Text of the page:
Noel Biderman could sell his own wife on the concept of Ashley Madison, the world’s largest social network for married people looking to have affairs.
“Imagine you’re in a significant relationship,” he instructs me over Skype, speaking from the company’s Toronto offices, his voice calm and collected.
“You have wonderful kids, an extended family you love, a great house, your career is going well. You get to take great vacations to Martha’s Vineyard. Everything’s great, but you know what?”
He pauses for emphasis, leaning in.
“He hasn’t touched you in six months. You’ve talked to him about it and even decided to go to marriage counseling, but you’re not a nun. You didn’t sign up for a life of celibacy.”
A “happily married” father of two, Biderman, 42, appears professional and relaxed. He clasps his hands together in front of him on the table.
“So you’re faced with a choice. Leave all those good things I just described—those critical things—behind because there’s an interesting guy at the workplace or someone you met online or a neighbor who is interested in jumping in bed with you.
“You go through a divorce,” he pauses again, “or maybe you just do this on the side and nobody’s the wiser and then you won’t be so stressed with your partner, or with your kids, and you’ll work more effectively. So an affair can act as a marriage preservation device.”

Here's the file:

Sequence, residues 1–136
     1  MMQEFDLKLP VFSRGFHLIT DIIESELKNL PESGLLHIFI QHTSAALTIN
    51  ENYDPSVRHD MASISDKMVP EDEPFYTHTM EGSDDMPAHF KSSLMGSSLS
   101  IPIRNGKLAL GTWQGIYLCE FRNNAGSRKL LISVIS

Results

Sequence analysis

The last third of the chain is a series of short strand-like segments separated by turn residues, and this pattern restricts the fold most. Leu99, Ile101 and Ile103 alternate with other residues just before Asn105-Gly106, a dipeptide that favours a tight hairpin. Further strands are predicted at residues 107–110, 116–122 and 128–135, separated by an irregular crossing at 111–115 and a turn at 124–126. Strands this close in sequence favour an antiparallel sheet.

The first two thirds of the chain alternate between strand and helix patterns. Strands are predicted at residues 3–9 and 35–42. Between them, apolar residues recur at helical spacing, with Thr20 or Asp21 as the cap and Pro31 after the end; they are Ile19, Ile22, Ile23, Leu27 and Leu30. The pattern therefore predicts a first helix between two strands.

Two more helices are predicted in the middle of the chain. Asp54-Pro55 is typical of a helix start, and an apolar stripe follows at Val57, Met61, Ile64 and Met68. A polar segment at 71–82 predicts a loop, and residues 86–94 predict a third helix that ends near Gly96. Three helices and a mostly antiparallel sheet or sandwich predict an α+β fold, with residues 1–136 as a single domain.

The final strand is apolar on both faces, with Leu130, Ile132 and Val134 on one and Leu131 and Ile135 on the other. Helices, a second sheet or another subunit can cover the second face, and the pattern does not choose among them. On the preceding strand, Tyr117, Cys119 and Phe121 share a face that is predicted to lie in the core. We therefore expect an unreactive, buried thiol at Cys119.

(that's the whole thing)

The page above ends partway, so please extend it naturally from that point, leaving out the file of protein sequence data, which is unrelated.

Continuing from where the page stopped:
Ten years ago, the term “married dating” would have been an oxymoron. Now it’s part of popular culture. Last week, Ashley Madison’s commercials were parodied as “Sassy Madison” by The Simpsons. Biderman has been played by comedian Sarah Silverman in an episode of The Good Wife, and the NFL and Fox famously blocked the site’s ads from running during the Super Bowl.
“I know it’s hard for people to hear that, because we view it as a linchpin for destruction, but some affairs never get discovered; women have affairs the same way men do, and most people use it to stay within their marriage.”
For the uninitiated, Ashley Madison is a discreet dating website for married people looking to have affairs or single people interested in a temporary good time. The site has roughly 16 million users and 42 full-time employees who carefully examine every profile to ensure discretion and prevent scams. Playing the odds, someone you know probably uses it, but you’d never know—and that’s exactly the point.
“I’m the entrepreneur,” Biderman boasts, “who built the dark side of online dating.”
Photo via Noel Biderman
Behind closed doors
Songs are written about the heartbreak adultery causes. Movies like Obsessed and John Tucker Must Die glorify getting revenge on cheaters. If caught, an adulterer could lose custody of his or her kids and be denied alimony in a divorce. Statistics on how many married people are cheating are hard to come by: Some researchers argue it’s just 4 percent a year, while others say 70 percent of women married longer than five years will cheat.
Ashley Madison didn’t invent cheating, especially online. In fact, in 2009, roughly two years before Ashley Madison became popular in the media, close to 40 percent of men on dating websites were married.
Ashley Madison simply streamlined the process. It made having an affair easier to accomplish and far less risky. Biderman says he would love to claim he’s a brilliant entrepreneur, but the site just plays on the human condition.